Hayley Reardon – Good (Hayley Reardon) review
Good is her best yet
It’s been an amazing journey for Hayley Reardon. She got an early start, writing her first song at eleven, so she’s already been releasing music and playing out live for years. Reardon has never been scared of baring her soul, even if some of her teenage drama now seems a little trivial. Now, she’s attending college and has recently issued her new album, Good.
Right off, there’s a more relaxed feel to these tracks – she’s certainly been here before. Yet, there’s also a hint of weariness, as if the realities of adulthood have hit her in unexpected ways. This is especially apparent in songs like “Would You Wait,” where she confesses “I don’t need to be different / I just need to be ok.” She’s enamored with a boy in “Good,” yet she reveals later in the song that she still digs him “even if you don’t love me.”
This album sounds like growth and not a reinvention, and part of that can be attributed to producer Lorne Entress, who was brought back to once again elevate these songs to acoustic soundscapes. Take the sparse, spine-tingling “Ghost,” led by Reardon’s simple guitar line. Entress adds tremelo guitar, piano and sound effects, yet leaves the track sparse, allowing the track to really breathe, as she reveals “I am not lonely / I just miss the old me.”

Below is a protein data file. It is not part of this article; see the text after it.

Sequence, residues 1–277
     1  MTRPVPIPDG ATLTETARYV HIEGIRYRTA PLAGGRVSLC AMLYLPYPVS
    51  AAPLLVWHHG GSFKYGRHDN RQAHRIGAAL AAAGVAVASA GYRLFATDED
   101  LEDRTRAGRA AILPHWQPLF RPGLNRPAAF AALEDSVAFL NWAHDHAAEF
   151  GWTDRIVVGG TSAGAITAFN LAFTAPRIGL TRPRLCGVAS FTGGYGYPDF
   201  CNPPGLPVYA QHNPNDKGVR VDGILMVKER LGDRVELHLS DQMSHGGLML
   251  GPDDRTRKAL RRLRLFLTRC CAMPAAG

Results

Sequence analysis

One of the best tracks is “Paper Mache’,” which is propelled by gentle funky percussion. Her voice has grown richer, and deepened a little. We get a break from mid tempo with the bouncy “The High Road” and it’s some of her best wordplay to date.
Reardon has been heavily involved in talking with students all over the country, as she was one herself. It’s interesting to hear her look at things from a more grown up perspective now, as on the poignant “Fourth Grade,” where she interacts with a little girl who wants to be all grown up – it could easily be her talking to her younger self.
The album ends with just Reardon and her guitar with “Work More.”
Hayley Reardon originally got noticed because she was so young. Now that that’s no longer a thing, it’s time to take her more seriously as an artist. Good is a big leap forward, and it shows that she isn’t done growing as a songwriter. –Tony Peters